Have You heard? – (84) “Poison Dart” by The Bug ft Warrior Queen

I got home from work reasonably early on Friday. Did my favourite thing. Can of beer and a bit of BBC 6 Music. While lying on the bed and reading Macbeth! There are reasons for the latter. So I heard a bit of Steve Lamacq – a great DJ, but one I usually miss. And he played this track. Immediately I thought, what is this? That bass line, it is awesome. Every time it kicks in you just want to do something. Dance, punch the air, something.

It’s by The Bug. “Poison Dart”. With rap by Warrior Queen. Gets classified as dubstep, I think, but it’s the reggae bass line that makes it a great tune. I would love to hear this on a massive PA. It would be amazing. A rib crusher.

It’s from 2008. Passed me by at the time. Shame! On an album called “London Zoo”. And it is a London tune par excellence. The video here is a bit shorter than the album version, but you get into the meat of the tune straightaway. Won’t be everyone’s cup of tea, but let me tell you, I love it!

About John S

I'm blogging about the things I love: music, sport, culture, London, with some photos to illustrate aspects of our wonderful city. I’ve written a novel called “The Decision”, a futuristic political thriller, and first of a trilogy. I’m also the author of a book on music since the 1970s called “ I Was There - A Musical Journey” and a volume of poetry about youth, “Growin’ Up - Snapshots/ Fragments”. All available on Amazon and Kindle.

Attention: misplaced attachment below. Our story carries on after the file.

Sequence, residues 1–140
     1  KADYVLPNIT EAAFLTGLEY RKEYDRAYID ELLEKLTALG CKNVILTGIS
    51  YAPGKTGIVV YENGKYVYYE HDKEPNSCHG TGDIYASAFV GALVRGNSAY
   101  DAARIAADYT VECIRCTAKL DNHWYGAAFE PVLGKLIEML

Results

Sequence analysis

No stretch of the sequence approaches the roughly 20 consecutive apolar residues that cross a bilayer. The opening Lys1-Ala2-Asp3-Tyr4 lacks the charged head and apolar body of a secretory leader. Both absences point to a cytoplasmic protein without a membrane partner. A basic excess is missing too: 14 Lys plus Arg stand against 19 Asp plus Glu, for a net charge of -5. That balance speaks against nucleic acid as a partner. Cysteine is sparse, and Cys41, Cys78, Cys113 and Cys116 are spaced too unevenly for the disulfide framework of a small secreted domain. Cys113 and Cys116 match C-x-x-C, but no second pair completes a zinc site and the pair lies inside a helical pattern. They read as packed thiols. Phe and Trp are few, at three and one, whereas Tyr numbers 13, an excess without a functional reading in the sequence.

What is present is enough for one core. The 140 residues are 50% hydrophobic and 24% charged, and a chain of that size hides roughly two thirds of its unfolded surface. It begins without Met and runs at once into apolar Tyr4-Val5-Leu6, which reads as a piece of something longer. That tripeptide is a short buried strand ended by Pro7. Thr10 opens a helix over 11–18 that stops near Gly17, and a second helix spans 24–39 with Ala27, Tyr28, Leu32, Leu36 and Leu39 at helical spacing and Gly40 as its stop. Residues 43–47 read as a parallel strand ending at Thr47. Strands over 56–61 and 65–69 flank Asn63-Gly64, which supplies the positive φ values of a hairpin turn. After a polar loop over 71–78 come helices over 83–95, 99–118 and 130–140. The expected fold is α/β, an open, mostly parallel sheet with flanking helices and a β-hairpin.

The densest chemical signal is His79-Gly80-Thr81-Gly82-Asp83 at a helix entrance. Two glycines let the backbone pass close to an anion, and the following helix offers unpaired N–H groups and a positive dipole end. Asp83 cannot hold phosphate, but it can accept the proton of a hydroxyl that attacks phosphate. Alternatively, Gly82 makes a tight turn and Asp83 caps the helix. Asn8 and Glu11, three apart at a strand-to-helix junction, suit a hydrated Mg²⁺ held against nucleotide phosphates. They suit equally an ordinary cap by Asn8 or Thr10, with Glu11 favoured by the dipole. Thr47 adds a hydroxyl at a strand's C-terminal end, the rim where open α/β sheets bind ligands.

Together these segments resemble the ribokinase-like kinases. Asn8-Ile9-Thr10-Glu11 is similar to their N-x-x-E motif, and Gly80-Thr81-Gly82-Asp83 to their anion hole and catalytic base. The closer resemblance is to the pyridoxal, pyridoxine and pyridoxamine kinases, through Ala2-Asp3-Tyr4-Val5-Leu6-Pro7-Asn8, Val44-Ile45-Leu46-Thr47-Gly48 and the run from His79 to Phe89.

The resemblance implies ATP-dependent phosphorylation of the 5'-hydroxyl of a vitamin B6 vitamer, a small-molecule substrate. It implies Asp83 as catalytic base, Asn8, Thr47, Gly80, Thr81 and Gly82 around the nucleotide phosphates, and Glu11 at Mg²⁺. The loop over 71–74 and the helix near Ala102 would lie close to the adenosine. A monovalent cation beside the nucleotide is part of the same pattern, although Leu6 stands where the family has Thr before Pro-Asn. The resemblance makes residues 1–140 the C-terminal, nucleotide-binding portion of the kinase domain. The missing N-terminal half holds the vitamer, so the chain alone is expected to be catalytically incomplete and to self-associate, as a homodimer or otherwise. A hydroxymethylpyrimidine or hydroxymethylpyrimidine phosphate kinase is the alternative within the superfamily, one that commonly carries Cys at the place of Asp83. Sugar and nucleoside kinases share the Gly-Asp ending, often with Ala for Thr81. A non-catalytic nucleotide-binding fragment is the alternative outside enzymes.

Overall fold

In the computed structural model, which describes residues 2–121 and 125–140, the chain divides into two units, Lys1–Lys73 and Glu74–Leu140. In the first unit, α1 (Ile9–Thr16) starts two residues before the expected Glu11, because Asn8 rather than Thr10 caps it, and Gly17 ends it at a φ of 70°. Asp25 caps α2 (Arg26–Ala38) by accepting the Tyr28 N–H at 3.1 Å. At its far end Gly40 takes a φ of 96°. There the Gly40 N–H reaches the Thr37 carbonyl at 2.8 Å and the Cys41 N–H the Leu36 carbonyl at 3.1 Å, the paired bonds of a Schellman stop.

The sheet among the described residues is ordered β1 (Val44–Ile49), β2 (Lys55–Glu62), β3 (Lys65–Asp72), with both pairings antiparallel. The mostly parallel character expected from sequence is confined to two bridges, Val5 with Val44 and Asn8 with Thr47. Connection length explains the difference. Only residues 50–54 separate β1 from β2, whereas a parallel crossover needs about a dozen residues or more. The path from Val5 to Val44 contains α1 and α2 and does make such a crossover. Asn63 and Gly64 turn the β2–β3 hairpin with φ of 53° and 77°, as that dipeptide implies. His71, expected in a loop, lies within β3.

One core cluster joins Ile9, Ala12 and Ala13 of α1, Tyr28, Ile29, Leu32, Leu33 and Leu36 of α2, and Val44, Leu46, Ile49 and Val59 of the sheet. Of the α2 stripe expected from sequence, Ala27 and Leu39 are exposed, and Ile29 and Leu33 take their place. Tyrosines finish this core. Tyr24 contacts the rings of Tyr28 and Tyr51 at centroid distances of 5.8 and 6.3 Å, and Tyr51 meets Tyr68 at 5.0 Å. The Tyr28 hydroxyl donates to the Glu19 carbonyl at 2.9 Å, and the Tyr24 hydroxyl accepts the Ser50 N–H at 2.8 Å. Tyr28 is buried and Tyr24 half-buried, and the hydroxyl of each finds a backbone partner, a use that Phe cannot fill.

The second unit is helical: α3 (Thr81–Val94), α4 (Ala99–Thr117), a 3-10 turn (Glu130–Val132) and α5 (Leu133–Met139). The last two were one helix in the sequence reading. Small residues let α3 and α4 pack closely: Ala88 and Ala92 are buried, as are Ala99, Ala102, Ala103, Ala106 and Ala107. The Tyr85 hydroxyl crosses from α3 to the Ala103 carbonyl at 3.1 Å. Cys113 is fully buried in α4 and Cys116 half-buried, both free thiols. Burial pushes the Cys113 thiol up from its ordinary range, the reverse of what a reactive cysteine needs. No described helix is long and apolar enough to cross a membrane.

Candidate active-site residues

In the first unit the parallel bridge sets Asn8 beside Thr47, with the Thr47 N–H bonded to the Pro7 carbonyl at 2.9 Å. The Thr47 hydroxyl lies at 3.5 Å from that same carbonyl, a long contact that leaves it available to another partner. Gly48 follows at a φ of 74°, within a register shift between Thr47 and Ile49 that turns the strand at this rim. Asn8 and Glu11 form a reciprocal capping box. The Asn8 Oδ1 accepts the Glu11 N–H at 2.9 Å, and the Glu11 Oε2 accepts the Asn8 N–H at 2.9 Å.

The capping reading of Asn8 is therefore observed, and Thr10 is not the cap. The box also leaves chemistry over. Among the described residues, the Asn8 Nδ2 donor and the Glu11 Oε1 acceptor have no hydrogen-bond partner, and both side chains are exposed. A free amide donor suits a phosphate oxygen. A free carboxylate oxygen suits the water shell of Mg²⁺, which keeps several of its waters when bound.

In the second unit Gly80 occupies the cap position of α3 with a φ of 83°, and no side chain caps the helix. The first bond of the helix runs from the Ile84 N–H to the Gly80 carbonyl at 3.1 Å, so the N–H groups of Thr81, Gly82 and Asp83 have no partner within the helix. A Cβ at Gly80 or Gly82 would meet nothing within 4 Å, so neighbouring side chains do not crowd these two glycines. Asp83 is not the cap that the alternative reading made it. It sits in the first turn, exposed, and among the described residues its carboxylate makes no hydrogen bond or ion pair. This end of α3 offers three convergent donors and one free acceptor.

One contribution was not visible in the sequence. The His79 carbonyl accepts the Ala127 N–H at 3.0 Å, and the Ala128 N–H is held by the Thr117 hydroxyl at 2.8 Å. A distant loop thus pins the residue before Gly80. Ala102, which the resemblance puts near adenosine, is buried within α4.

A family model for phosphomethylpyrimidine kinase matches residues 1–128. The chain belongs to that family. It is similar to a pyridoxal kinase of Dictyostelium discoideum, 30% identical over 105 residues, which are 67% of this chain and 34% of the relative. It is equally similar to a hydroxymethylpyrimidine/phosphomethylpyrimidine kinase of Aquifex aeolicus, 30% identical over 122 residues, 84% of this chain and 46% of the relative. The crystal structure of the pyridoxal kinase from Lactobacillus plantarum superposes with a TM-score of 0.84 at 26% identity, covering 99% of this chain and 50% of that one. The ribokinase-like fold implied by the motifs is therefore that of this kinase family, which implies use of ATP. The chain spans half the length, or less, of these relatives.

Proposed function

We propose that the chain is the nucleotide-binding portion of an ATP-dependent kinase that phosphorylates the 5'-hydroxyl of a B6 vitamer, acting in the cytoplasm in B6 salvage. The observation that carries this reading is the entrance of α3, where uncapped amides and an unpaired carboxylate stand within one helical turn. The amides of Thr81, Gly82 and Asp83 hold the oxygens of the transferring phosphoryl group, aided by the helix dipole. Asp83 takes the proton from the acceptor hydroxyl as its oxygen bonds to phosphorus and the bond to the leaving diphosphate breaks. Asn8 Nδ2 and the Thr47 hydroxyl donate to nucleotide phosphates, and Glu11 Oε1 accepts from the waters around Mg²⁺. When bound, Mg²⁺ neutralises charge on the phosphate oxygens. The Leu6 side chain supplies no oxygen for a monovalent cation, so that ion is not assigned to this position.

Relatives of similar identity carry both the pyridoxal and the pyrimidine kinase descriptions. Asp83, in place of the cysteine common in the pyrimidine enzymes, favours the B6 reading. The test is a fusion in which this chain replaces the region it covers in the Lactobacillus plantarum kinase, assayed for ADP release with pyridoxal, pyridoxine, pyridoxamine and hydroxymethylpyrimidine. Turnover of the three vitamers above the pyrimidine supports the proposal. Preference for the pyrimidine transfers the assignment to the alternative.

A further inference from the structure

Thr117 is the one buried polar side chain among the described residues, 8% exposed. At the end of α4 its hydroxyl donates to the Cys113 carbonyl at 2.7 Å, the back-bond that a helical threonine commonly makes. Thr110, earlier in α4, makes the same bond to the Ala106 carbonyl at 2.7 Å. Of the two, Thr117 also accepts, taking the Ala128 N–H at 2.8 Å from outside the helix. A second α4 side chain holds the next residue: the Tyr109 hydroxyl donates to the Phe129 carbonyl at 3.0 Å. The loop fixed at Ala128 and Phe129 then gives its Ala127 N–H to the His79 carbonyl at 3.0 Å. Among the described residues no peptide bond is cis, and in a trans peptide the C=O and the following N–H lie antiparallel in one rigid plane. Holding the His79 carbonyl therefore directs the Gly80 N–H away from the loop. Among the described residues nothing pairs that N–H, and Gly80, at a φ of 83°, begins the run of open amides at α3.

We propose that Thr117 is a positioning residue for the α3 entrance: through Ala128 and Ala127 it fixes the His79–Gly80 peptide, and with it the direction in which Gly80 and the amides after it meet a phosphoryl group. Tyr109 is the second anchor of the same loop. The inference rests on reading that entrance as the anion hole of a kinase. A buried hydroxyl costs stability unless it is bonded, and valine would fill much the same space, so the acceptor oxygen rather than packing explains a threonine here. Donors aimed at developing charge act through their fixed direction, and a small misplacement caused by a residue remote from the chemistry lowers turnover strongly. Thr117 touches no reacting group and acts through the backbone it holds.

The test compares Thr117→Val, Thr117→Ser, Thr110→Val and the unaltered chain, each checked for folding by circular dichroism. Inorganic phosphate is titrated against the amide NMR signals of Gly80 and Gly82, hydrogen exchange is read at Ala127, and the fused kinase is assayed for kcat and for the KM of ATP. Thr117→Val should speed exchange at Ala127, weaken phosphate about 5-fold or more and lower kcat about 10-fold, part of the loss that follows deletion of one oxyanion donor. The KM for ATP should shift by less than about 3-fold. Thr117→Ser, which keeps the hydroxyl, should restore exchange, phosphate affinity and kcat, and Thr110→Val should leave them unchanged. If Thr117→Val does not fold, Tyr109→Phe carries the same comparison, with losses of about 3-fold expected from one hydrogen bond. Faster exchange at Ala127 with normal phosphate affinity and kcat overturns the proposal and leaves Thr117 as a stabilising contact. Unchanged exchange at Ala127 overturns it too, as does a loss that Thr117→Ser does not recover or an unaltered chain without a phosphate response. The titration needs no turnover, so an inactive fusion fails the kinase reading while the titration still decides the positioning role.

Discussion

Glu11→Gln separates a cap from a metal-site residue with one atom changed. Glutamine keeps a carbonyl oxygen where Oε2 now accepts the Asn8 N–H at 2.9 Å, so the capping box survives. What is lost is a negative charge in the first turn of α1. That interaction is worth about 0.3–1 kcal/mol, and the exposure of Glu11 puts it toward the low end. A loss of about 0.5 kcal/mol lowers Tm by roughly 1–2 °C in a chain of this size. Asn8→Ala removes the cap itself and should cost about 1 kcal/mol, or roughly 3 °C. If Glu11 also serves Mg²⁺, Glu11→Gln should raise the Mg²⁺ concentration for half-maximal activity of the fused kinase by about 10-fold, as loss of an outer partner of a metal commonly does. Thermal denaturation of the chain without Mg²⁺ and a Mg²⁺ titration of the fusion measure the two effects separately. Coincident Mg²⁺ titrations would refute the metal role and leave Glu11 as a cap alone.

This entry was posted in Music - Have You Heard? and tagged , , , , . Bookmark the permalink.

2 Responses to Have You heard? – (84) “Poison Dart” by The Bug ft Warrior Queen

  1. Dood says:

    Thanks for the tip, and I like that very much. Don’t know much about dubstep, but I always like it when I hear it. Got into the very doomy Burial some while back.

    More to the point, why Macbeth? You giving a turn as Banquo’s Ghost for the Northfields Players?

  2. John S says:

    Reading Macbeth to get on top of it while I read it with a pupil every Thursday morning at the school where I’m a governor. It’s a tough text for GCSE students, but also, in a sense, a relatively simple play in terms of its dynamics. The version I’m reading at home is good on context – the play, as you will know, was written soon after James VI of Scotland became James I of England. And look what that led to!

Leave a Reply

Fill in your details below or click an icon to log in:

WordPress.com Logo

You are commenting using your WordPress.com account. Log Out /  Change )

Facebook photo

You are commenting using your Facebook account. Log Out /  Change )

Connecting to %s